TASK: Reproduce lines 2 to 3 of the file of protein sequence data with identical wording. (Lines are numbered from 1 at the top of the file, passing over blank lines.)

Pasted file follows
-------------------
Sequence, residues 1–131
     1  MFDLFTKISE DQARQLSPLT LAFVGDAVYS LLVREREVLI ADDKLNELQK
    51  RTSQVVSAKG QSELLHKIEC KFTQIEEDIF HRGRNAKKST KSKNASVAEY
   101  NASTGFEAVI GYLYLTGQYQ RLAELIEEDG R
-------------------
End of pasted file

     1  MFDLFTKISE DQARQLSPLT LAFVGDAVYS LLVREREVLI ADDKLNELQK
    51  RTSQVVSAKG QSELLHKIEC KFTQIEEDIF HRGRNAKKST KSKNASVAEY